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I need to use a global counter in my application which increments count for every request made. I am going to put this counter in a separate class something like this:

public class Counter{  
  private static int count = 0;  
  public synchronized static update()
    count += 1;

  public synchronized static int getCount()
    return count;

There exists only one Counter throughout the lifetime of the application. Do I get any benefit by making it a singleton since there is a single one? Does it make more sense to create a single instance instead of having a class with static variables? What would be the benefit

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Similar to:… – Sanjay T. Sharma Apr 21 '11 at 15:36
in the code you posted above, it makes more sense to make update() and getCount() as static. and you dont need this.count as count is static variable. – kunal Apr 21 '11 at 15:38
corrected it .. – Pan Apr 21 '11 at 15:48

I would make it either static (field and methods) or not. You appear to have a combination which is bound to confuse.

In this case, I would just use an AtomicInteger:

public enum Counter {
    public static final AtomicInteger COUNTER = new AtomicInteger();

so that you can do

import static Counter.COUNTER;

int num = COUNTER.incrementAndGet();
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I don't see any need to make it a singleton or static. Instantiate a new Counter in a logical spot (instance variable of a class that's generating the requests?) and use it from there. That way, the Counter class is still reusable elsewhere if you need it and you don't have to worry about anyone else grabbing and updating your counter...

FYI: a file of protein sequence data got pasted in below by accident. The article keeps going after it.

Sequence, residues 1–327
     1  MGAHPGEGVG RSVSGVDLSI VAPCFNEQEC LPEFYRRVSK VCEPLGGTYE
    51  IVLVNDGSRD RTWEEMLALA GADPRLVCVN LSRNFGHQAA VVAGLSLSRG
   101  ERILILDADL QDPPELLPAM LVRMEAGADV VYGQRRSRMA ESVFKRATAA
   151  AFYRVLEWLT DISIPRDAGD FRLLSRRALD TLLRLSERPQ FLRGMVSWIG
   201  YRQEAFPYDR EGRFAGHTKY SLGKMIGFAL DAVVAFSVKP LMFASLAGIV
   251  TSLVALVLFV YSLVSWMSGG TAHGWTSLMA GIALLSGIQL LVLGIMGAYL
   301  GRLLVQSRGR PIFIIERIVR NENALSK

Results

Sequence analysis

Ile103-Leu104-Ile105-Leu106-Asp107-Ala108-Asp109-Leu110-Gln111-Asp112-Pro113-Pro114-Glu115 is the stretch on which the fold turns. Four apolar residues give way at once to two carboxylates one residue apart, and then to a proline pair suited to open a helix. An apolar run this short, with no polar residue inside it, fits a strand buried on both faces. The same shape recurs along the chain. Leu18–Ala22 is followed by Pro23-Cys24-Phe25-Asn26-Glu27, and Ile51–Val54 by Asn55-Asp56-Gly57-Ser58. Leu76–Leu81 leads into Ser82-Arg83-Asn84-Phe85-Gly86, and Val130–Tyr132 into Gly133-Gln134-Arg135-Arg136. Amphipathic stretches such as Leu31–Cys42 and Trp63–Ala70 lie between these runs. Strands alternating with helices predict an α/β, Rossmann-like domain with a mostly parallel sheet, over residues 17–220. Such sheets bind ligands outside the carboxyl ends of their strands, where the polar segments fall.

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+1: If you can create a Counter as required, I would just use an AtomicInteger – Peter Lawrey Apr 21 '11 at 15:40
I'm not a Java guy, but looking at the class, I'd say it's the way to go. No point in writing something that's already there and tested! – Kendrick Apr 21 '11 at 15:45

It is more common to use singleton when the class has state (it has fields). When the class is stateless - it is a utility class and usually its methods are static.

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Did not see that this is a question tagged with Java and not C++; Anyways I will leave it here unless someone wants this removed.

The thing about static class members is that they are closely coupled with a class rather than an class instance. In other words there is only one memory allocation for the static variable, that will be shared among all the instances of this class (class objects).

In your code above, in the getCount() method, you

return this.count;

Remember that static members do not have this pointer, meaning they are to be accessed using classname::static_member when accessing from outside of the class, and use just the variable name when defining class methods, like you did above. So your code should look similar to:

return count;

If you want only one copy of the class members, for any number of class objects created, then you are better off with static methods and - static methods can only operate with static members.

If you do not like static methods and static members, singleton is not a bad approach.

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